I-601 Categories of Hardship

Categories of Hardship

There are a variety of circumstances that fall under the vague rubric of "extreme hardship." The purpose of the I-601 waiver application is to prove that the degree of hardship suffered by the alien's qualifying relative(s) is extreme, and that this situation cannot be remedied by a move abroad on the part of the United States citizen or lawful permanent resident relative(s). Simply missing a person is "normal" rather than "extreme." Extreme hardship requires more than ordinary hardship.

Hardship arguments can be organized into five categories, with Category One (Strong Arguments) arguments being the strongest and Category Four (Weak Arguments Which Must Be Supported By Other Compelling Factors) the weakest. Category Five involves arguments which do not fit into any of the other categories but which mark the case as unusual or different from other cases. Generally speaking, it is best to have at least one Category Two (Compelling Arguments) and a few Category Three (Moderately Compelling Arguments) arguments presented in the waiver, though in some situations just one Category One argument will decide a case. Things like major medical conditions (e.g. terminal illness) or major political upheaval in the alien's country are examples of Category One arguments, while situations like personal debt or high crime rates in the alien's country qualify as the weakest, Category Four arguments. Criminal cases also require proving that the applicant is rehabilitated and not likely to offend again.

  1. Category One (Strong Arguments)
    • An example of a Category One argument is when the qualifying relative has a debilitating medical condition which precludes his or her move abroad and the alien must remain in the United States to care for that relative.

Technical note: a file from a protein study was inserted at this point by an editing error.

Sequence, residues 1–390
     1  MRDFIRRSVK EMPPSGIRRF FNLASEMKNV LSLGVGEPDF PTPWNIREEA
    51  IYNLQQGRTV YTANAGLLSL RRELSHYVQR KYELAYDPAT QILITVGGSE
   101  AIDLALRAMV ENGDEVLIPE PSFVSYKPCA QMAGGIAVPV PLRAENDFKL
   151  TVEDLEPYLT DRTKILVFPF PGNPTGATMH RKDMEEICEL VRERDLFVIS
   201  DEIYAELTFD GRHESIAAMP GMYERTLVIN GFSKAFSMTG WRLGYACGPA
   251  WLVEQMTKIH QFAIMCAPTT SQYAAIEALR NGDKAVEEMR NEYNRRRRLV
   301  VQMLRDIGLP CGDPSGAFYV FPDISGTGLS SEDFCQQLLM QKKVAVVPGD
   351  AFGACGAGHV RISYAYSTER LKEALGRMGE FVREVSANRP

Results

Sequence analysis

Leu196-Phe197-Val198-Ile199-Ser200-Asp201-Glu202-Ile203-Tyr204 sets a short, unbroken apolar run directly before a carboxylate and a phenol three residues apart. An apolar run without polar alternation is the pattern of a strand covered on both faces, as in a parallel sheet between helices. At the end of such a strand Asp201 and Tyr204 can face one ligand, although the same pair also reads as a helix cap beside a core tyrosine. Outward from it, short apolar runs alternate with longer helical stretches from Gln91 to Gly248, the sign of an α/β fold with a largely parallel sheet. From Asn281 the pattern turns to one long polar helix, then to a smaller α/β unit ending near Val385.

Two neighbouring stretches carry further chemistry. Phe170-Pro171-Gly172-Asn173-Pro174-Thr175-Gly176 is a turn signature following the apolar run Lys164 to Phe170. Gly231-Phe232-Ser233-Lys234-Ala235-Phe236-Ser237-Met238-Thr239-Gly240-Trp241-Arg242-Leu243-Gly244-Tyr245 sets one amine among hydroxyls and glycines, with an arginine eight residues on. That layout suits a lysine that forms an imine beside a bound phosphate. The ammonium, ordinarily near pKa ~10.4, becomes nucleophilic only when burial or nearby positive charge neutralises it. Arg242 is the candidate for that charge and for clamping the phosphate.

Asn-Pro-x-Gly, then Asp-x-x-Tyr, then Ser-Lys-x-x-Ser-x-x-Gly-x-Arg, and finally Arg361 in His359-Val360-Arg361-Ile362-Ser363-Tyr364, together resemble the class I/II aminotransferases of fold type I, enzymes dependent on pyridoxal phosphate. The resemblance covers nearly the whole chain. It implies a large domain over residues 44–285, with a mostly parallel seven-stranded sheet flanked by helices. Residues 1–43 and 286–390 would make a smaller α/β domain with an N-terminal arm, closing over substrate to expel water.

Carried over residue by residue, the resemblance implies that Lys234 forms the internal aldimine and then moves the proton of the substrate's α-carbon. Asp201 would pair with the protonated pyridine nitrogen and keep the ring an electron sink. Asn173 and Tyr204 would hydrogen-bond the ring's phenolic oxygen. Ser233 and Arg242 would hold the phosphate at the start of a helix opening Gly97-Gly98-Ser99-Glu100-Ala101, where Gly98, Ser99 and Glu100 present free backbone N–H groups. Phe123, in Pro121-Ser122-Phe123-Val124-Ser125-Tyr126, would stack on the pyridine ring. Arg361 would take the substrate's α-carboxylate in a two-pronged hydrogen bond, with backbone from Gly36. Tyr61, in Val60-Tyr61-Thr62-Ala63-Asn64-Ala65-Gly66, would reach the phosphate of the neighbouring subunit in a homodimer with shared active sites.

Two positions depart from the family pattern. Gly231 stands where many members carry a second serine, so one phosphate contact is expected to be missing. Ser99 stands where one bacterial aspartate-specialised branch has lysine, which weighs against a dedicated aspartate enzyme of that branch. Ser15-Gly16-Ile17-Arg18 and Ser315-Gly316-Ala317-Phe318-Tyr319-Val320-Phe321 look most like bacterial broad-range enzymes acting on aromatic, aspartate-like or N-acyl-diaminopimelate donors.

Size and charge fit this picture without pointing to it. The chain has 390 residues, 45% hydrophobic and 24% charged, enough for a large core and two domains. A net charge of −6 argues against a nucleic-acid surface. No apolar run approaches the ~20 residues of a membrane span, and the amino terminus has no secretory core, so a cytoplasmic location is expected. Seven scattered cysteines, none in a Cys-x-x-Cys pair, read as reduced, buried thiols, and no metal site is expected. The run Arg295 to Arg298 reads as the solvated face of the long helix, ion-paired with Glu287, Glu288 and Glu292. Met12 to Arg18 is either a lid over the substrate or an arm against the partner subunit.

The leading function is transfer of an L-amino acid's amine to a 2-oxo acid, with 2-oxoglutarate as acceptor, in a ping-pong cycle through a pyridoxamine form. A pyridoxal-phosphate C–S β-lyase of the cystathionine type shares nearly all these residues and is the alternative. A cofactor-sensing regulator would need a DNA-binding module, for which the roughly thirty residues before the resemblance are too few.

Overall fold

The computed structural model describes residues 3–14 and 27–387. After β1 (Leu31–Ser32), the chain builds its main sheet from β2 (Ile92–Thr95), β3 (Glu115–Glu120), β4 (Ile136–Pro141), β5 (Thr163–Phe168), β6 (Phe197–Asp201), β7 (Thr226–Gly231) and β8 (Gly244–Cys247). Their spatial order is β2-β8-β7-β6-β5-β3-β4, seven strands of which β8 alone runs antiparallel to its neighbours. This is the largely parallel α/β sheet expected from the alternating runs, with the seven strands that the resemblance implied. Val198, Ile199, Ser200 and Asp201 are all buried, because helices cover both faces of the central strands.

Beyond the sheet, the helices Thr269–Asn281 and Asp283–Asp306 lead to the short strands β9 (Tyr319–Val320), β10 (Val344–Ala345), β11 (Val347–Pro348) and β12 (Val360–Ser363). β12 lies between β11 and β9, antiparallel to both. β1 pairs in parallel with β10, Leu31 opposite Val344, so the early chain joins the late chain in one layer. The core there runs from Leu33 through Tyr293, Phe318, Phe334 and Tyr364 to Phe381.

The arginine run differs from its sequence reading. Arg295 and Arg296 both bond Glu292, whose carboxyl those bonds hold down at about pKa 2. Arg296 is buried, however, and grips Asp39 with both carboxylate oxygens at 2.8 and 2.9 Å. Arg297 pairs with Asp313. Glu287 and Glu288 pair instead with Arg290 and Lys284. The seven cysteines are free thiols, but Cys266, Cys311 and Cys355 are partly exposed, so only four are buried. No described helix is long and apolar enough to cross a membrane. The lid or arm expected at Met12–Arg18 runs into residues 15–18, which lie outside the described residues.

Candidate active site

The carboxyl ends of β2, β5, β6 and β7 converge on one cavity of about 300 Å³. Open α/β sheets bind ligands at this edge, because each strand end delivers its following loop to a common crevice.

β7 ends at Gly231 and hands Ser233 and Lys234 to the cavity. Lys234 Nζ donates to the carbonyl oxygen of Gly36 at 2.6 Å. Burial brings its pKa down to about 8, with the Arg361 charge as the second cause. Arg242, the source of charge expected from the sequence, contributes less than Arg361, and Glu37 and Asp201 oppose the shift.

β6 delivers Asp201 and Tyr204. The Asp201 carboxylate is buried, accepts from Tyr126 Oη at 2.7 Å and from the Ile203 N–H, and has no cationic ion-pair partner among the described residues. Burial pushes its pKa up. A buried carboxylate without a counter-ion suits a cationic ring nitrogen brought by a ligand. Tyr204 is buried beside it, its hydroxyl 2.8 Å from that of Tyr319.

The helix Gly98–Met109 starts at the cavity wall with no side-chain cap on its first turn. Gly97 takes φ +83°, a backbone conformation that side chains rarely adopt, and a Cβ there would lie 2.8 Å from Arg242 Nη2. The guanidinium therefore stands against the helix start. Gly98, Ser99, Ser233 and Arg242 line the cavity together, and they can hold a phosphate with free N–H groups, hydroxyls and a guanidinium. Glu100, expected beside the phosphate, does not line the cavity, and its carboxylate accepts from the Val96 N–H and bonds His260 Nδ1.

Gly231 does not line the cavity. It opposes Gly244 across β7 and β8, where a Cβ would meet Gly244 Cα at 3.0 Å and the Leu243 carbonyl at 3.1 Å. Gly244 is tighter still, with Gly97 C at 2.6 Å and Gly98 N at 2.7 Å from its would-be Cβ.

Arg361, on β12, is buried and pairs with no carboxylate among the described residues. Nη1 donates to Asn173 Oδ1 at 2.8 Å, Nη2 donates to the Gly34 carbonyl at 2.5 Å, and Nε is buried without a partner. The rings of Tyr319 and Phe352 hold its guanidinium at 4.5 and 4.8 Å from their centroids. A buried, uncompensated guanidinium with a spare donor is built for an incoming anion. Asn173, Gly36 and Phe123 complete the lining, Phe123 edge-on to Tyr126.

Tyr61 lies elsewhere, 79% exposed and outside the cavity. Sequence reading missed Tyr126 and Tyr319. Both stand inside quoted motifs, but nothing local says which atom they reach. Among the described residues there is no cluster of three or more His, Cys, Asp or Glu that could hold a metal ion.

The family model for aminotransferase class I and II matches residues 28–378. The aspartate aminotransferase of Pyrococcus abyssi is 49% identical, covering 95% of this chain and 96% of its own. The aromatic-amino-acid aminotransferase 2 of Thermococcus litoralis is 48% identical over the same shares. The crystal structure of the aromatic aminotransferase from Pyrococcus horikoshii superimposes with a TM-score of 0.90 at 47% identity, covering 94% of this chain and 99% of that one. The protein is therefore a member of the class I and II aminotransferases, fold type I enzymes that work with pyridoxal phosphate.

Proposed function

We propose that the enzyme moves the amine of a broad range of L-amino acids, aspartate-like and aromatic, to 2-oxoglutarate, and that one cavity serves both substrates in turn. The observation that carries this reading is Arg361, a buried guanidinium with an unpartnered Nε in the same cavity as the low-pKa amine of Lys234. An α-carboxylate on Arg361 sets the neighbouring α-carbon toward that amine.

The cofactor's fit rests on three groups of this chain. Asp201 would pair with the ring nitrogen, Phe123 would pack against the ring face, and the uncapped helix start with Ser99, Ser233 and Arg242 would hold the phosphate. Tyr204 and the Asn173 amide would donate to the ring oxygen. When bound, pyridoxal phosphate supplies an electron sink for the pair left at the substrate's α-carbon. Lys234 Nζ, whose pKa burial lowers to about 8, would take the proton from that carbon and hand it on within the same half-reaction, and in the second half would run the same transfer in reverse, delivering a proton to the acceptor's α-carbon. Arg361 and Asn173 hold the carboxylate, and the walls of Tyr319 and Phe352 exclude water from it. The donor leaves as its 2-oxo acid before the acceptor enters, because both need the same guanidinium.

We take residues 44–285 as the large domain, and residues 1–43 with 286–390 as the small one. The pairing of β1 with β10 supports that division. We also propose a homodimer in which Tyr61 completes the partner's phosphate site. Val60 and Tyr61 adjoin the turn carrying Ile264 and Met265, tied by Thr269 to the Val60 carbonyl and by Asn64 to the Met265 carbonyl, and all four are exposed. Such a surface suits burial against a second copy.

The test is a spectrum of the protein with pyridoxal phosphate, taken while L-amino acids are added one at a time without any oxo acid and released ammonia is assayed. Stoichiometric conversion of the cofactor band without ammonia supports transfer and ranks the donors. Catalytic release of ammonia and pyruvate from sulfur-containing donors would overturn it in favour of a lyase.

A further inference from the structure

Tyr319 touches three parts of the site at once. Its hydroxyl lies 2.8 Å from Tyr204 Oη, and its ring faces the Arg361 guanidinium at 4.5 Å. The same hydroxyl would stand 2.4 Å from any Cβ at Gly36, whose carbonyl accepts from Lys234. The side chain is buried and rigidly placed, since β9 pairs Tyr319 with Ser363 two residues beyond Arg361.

2. Category Two
    • An example of a Category Two argument is where the qualifying relative suffers from a moderate medical condition which requires intermittent intensive care from alien.
  3. Category Three
    • An example of Category Three is where a qualifying relative suffers from severe clinical depression, as diagnosed by a licensed psychologist, due to the alien's immigration problems.
  4. Category Four (Weak Arguments Which Must Be Supported by Other Compelling Factors)
    • An example of Category Four is where the qualifying relative exhibits signs of depression due to the immigration situation, but has not been diagnosed nor sought professional help.
  5. Category Five (Unusual Arguments Which Make the Case Unique and May Attract the Interest of the Officer Adjudicating the Case)
    • An example of Category Five are unique elements of the case, which while not traditional hardship arguments, may cause the adjudicator to want to approve the case. An example of such factors would be photographs of the family members together or drawings by children with captions stating how much they miss the inadmissible relative. These often bring attention to the case, and together with the other arguments from Categories One through Four distinguish the case from the myriad of other similar applications which the officer is reviewing.

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